Man who crashed drone at White House works for intelligence agency

SHARE Man who crashed drone at White House works for intelligence agency

While the Secret Service has yet to release any more details about the operator of the drone that crashed at the White House, the National Geospatial-Intelligence Agency has identified the operator as one of its own employees.

The 2-foot-long quadcopter was found early Monday morning.

“The employee was off duty and is not involved in work related to drones or unmanned aerial vehicles in any capacity at NGA,” said the agency in a statement on Tuesday.

Earlier Tuesday, The New York Times reported the man had been drinking at a friend’s apartment prior to heading outside to fly the drone around 3 a.m. Monday. The man said he lost track of the drone and feared it flew over the White House.

The New York Times reported he later went to bed after losing track of the drone, fearing that he had flown it over the White House. On Monday, he saw the news reports.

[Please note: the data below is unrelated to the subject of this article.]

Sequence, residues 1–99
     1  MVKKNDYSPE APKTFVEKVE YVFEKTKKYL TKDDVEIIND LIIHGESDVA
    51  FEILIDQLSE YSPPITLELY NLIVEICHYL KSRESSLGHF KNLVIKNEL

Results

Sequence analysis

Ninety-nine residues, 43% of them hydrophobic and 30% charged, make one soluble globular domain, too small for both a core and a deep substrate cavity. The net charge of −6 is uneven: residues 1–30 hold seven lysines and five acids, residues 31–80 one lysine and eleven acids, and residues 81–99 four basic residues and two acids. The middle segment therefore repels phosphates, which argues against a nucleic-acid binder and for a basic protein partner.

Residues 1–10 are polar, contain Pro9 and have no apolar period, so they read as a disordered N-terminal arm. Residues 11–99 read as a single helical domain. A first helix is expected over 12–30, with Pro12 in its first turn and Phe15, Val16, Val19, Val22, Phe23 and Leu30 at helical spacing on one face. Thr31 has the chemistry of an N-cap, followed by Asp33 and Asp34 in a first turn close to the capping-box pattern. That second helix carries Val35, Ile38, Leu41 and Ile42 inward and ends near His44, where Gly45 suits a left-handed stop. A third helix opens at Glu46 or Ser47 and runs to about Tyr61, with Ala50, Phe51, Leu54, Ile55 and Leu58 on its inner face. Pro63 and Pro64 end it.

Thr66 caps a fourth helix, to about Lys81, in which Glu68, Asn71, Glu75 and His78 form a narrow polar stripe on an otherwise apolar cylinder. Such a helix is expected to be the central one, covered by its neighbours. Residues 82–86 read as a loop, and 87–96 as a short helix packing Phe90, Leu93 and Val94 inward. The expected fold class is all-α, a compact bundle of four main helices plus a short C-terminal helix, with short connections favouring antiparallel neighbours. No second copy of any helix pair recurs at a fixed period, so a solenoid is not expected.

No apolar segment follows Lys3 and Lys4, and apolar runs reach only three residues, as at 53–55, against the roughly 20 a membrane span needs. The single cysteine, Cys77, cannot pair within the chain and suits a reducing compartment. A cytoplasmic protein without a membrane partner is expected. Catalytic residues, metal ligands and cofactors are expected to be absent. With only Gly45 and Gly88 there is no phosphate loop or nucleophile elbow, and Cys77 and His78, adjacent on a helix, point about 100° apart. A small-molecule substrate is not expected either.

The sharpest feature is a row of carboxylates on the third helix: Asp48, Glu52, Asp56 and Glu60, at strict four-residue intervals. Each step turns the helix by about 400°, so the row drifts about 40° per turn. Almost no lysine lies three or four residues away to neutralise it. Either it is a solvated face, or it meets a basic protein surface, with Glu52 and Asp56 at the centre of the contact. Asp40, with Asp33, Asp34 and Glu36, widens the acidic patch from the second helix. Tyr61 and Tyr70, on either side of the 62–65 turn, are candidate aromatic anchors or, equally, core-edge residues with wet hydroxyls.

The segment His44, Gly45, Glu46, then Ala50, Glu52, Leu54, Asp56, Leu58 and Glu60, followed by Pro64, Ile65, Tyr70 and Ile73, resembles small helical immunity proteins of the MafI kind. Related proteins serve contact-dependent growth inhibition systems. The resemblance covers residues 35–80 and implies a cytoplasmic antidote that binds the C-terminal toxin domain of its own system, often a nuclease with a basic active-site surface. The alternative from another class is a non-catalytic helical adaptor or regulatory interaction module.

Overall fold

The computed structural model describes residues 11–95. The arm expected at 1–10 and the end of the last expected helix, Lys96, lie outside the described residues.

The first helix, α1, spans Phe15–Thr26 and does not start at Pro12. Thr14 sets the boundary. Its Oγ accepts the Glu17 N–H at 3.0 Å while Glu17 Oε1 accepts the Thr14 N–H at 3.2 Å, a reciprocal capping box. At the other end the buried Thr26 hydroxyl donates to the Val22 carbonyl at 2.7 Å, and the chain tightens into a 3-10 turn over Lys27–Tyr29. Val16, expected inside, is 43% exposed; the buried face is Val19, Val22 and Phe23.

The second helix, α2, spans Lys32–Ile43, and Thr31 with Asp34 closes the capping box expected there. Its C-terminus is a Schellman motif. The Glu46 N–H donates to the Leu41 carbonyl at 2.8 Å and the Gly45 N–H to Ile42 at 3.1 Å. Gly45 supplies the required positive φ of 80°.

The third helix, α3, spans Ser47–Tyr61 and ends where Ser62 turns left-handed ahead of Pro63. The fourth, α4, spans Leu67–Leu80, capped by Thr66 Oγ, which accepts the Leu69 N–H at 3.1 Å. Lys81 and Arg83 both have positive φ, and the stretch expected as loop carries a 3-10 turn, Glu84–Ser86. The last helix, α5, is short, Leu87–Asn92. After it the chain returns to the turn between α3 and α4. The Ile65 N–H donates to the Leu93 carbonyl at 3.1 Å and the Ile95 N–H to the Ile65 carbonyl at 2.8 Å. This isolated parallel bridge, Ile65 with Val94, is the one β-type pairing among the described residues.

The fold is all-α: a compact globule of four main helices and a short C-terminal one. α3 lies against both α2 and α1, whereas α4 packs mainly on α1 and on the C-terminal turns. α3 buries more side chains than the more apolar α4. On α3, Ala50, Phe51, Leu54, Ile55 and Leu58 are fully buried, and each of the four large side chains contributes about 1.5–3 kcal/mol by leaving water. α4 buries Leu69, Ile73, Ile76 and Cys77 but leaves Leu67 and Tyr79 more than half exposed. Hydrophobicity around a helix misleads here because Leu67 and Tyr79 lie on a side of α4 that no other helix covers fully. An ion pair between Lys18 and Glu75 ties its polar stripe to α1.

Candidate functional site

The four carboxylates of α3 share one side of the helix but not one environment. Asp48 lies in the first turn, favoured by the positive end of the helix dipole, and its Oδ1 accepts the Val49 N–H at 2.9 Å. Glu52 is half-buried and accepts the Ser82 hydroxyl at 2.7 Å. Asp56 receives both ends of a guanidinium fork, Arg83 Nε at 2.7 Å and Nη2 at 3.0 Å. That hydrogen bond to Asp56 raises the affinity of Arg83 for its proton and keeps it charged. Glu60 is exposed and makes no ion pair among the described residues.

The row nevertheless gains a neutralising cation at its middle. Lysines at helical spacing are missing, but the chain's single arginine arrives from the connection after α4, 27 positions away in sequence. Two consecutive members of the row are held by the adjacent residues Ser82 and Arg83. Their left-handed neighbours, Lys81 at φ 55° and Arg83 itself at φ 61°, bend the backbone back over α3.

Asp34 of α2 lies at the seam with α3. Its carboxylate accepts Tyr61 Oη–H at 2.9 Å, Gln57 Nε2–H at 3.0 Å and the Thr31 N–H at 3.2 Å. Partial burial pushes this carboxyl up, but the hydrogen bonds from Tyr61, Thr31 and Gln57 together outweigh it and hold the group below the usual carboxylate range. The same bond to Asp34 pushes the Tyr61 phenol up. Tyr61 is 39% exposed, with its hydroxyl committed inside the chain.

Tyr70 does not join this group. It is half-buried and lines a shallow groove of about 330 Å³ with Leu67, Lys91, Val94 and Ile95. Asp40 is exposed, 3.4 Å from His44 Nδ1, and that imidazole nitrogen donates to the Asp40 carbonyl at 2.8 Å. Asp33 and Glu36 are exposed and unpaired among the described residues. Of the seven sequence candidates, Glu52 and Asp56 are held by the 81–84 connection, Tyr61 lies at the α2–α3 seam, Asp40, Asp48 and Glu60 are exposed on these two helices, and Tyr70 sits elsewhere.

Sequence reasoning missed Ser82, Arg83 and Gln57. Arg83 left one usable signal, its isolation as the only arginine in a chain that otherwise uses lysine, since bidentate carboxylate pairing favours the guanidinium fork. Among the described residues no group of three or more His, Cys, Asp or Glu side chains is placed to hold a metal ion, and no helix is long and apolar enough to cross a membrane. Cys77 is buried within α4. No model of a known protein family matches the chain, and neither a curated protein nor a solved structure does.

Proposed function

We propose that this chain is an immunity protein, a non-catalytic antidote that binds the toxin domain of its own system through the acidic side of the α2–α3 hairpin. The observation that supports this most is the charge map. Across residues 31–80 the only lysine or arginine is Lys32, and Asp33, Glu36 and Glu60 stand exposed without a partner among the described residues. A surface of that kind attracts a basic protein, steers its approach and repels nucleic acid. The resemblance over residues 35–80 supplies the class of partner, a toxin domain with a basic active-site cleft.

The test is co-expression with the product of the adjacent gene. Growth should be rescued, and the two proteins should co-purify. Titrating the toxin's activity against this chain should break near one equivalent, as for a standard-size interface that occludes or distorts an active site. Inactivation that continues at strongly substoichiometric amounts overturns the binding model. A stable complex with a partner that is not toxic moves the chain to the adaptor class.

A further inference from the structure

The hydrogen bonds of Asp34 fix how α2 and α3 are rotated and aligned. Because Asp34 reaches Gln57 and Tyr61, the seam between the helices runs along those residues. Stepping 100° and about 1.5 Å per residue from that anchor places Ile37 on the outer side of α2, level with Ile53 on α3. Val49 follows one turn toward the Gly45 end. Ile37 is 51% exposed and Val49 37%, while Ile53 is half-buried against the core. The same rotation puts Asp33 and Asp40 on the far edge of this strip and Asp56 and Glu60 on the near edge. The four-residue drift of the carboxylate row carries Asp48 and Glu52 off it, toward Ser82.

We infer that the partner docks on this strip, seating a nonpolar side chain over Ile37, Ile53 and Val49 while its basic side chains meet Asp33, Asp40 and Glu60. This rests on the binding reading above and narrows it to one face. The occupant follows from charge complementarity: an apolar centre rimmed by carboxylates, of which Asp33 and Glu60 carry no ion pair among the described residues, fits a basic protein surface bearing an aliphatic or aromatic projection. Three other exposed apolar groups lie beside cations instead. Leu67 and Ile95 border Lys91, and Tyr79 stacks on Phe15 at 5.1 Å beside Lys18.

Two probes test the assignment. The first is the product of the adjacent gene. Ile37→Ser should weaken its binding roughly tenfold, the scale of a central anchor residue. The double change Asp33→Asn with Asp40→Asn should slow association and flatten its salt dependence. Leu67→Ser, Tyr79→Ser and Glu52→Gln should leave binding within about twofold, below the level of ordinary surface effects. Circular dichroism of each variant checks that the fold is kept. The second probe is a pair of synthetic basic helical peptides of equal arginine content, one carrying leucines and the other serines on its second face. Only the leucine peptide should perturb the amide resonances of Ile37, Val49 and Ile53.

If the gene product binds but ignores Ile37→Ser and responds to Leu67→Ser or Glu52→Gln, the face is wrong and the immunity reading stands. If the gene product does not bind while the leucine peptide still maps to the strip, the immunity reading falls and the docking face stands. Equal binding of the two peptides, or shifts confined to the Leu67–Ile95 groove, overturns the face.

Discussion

“The employee self-reported the incident Monday,” Don Kerr, the spokesman for the agency, told The New York Times.

The NGA focuses on satellite imagery and “anyone who sails a U.S. ship, flies a U.S. aircraft, makes national policy decisions, fights wars, locates targets, responds to natural disasters, or even navigates with a cellphone relies on NGA.”

h/t: The Hill

The Latest
Chicago can’t change what happened 10 years ago, when City Hall closed dozens of schools despite warnings that it was a terrible idea. But CPS is at a make-or-break moment now. The mistakes of the past should be motivation to do better for students moving forward.
Some of the tools that enabled us to adapt our small businesses during the pandemic are under threat as Congress considers legislation to regulate technology companies, a South Side business owner writes.
The woman getting married worries that her groom’s sister will go into labor before the wedding — or during it.
Choreographer Joshua Bergasse is re-staging the Tony Award-winning musical’s demanding footwork in a Lyric Opera production.
He says in a court filing he’s acted impartially in fighting Chester Weger’s effort to prove his innocence in the 1960 killings of 3 west suburban women. Weger wants Glasgow removed as special prosecutor.